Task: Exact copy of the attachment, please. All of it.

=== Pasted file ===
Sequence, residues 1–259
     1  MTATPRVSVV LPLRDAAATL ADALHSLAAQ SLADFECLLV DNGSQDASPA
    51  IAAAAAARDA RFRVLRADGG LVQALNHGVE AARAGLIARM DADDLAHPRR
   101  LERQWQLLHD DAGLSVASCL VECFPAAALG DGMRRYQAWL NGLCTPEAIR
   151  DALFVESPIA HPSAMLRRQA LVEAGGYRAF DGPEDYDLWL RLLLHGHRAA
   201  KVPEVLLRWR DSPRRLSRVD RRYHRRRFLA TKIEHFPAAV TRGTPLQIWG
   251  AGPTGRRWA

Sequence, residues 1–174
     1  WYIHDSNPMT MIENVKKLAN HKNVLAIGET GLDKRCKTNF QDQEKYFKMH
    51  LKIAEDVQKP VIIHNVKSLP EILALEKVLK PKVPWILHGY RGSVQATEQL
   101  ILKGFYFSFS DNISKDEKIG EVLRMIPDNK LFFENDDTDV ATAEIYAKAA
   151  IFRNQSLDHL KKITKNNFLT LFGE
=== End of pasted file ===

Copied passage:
Sequence, residues 1–259
     1  MTATPRVSVV LPLRDAAATL ADALHSLAAQ SLADFECLLV DNGSQDASPA
    51  IAAAAAARDA RFRVLRADGG LVQALNHGVE AARAGLIARM DADDLAHPRR
   101  LERQWQLLHD DAGLSVASCL VECFPAAALG DGMRRYQAWL NGLCTPEAIR
   151  DALFVESPIA HPSAMLRRQA LVEAGGYRAF DGPEDYDLWL RLLLHGHRAA
   201  KVPEVLLRWR DSPRRLSRVD RRYHRRRFLA TKIEHFPAAV TRGTPLQIWG
   251  AGPTGRRWA

Sequence, residues 1–174
     1  WYIHDSNPMT MIENVKKLAN HKNVLAIGET GLDKRCKTNF QDQEKYFKMH
    51  LKIAEDVQKP VIIHNVKSLP EILALEKVLK PKVPWILHGY RGSVQATEQL
   101  ILKGFYFSFS DNISKDEKIG EVLRMIPDNK LFFENDDTDV ATAEIYAKAA
   151  IFRNQSLDHL KKITKNNFLT LFGE